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Residents Protest LAPD's Transfer of 15 Harbor Division Officers


The transfer of up to 15 officers from the Los Angeles Police Department's Harbor Division will be a blow to safety and rapport in the Wilmington community, residents say.

Five officers who have worked in the harbor area for several years began work in new districts Sunday.

Two others were transferred from the division in August. Capt. Betty Kelepecz, the division's patrol commanding officer, said a third group will be transferred this month.

Kelepecz said all the officers are being replaced with police from other divisions of the LAPD.

But Raymond E. Carlson, a Wilmington resident for 36 years, is one of many residents who worry that the new officers will not have the same experience and community understanding as the ones that the Harbor Division is losing.

"The (officers) live here, work here and do their business here," the group of residents protested in a letter to Police Chief Willie L. Williams. "They know the people and the problems of the community on a personal level. This is what community-based policing should be all about."

In another letter sent to Williams, Councilman Rudy Svorinich Jr., who represents the harbor area, said the transfers are causing a severe drop in morale at the division. The issue also "is beginning to have a destabilizing effect on the communities the division serves," Svorinich wrote.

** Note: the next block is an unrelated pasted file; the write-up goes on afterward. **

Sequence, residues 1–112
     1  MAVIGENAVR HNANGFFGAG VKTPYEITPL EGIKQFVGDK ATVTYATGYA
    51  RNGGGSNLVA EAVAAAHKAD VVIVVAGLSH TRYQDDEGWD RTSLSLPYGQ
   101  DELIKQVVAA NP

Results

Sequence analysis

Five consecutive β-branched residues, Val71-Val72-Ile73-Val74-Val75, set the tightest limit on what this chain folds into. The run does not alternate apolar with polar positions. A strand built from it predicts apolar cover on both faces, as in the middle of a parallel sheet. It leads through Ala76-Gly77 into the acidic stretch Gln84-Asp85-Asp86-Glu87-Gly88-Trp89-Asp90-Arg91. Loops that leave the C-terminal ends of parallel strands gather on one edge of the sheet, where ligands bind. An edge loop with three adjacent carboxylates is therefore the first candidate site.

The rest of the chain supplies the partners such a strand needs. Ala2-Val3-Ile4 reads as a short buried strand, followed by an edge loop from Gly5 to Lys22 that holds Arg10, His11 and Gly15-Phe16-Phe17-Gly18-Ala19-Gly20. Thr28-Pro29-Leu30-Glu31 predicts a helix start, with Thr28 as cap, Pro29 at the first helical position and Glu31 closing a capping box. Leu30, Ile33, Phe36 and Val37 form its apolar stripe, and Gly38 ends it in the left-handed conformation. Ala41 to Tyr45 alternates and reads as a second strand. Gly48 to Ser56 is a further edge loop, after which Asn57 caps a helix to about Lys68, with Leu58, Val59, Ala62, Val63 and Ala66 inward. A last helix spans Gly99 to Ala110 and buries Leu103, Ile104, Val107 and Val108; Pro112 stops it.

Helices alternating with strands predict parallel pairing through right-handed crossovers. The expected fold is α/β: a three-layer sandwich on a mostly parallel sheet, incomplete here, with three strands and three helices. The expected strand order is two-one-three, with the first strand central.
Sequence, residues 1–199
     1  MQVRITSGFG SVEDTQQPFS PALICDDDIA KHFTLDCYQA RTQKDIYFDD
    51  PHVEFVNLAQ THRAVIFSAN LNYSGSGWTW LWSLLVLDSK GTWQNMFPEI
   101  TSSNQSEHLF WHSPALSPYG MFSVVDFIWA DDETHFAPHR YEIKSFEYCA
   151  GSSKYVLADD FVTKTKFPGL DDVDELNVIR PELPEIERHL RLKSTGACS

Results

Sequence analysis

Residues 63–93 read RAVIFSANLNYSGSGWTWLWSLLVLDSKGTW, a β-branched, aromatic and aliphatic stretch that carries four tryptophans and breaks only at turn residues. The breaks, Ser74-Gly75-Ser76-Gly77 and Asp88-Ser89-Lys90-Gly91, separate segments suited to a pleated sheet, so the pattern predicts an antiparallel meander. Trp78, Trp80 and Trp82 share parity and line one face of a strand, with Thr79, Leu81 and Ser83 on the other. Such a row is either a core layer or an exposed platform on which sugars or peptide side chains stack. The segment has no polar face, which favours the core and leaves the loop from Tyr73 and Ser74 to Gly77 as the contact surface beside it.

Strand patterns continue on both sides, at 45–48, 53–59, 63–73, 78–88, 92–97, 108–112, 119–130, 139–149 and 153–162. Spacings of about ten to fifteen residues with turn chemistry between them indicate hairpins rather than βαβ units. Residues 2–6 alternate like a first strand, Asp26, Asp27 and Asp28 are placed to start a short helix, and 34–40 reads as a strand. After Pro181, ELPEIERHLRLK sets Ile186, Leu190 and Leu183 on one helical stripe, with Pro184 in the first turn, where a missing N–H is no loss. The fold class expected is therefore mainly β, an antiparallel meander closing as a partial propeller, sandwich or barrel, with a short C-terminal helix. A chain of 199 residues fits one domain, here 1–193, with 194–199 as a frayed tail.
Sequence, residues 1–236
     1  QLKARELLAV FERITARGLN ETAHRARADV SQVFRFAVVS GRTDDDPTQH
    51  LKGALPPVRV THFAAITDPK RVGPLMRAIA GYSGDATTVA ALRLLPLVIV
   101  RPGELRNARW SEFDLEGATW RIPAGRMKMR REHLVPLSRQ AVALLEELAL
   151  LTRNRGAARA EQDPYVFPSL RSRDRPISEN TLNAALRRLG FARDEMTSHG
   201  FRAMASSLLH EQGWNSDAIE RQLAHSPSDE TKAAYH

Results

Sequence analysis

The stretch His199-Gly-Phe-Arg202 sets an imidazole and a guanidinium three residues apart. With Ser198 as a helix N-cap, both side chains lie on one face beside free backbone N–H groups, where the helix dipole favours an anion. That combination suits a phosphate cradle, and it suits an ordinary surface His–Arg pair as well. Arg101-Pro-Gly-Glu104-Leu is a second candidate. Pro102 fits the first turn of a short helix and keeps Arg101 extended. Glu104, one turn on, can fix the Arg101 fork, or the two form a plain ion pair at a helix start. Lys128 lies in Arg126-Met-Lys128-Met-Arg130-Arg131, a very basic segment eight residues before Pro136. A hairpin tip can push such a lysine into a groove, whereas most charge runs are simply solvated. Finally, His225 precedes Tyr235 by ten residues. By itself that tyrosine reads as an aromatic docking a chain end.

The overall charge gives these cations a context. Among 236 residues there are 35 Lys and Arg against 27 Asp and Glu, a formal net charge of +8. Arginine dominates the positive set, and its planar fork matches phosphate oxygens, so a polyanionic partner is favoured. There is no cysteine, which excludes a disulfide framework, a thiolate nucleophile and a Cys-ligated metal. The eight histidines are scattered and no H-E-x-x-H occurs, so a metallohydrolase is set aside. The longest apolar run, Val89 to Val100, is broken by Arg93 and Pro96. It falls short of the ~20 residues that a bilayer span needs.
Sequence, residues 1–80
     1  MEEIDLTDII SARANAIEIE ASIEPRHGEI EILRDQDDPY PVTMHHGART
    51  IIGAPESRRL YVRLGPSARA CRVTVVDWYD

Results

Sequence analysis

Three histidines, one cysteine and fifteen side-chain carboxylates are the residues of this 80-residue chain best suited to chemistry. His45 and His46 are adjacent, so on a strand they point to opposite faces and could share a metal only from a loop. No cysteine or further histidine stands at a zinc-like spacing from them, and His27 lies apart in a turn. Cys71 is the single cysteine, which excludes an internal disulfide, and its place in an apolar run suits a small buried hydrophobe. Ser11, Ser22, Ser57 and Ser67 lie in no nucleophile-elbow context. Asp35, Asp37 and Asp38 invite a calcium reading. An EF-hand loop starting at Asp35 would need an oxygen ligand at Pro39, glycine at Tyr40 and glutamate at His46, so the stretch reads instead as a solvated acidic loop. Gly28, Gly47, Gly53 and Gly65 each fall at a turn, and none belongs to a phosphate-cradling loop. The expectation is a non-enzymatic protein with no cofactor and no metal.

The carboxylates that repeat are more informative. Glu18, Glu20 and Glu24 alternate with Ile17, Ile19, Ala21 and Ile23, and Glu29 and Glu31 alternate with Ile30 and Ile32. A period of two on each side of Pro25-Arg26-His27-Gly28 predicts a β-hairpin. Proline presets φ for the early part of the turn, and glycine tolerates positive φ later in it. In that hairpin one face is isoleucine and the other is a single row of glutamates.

Both letters ask that the transfers be reconsidered.

The transfers are administrative orders based on interviews and evaluations of officers who have been at the division for five years or more. It is the first major administrative transfer at the division in about seven years, Cmdr. David J. Gascon said.

Officer Bob Smith, 53, was transferred Sunday to the Southeast Division in Watts after working in the harbor district for 13 years. He said none of the harbor officers facing transfers want to go.

"People (in the community) see them and they know them," Smith said. "There's a trust there. When you start bringing new people in, the trust has to be developed all over again."

Smith said he will appeal the reason for his transfer--that his productivity has declined and that he and his work will improve at a new division.

"If that is the case, I should have been transferred years ago," he said. "Why transfer me now when I'm old?"

However, Kelepecz, who recommended the transfers after being at the Harbor Division for nearly a year, said the movement of officers throughout the LAPD is healthy and necessary.

Out of the division's 165 officers, she has interviewed 26 in the last four months who are eligible for transfers.

Kelepecz said the need to move officers throughout the department to new divisions has been emphasized throughout the LAPD Administration.

Some officers at the Harbor Division should have been transferred years ago, she said.

And not all the officers are being replaced with rookies.

The LAPD would not release details about the replacement officers, but Kelepecz said one is a sergeant who lives in San Pedro and has more than 20 years of experience in the LAPD.

"I think that their (community) has become very attached, and that is good. . . . It means they care about their officers," she said.

"But the new officers will be effective, if not more effective. They move here with new ideas and new eyes."

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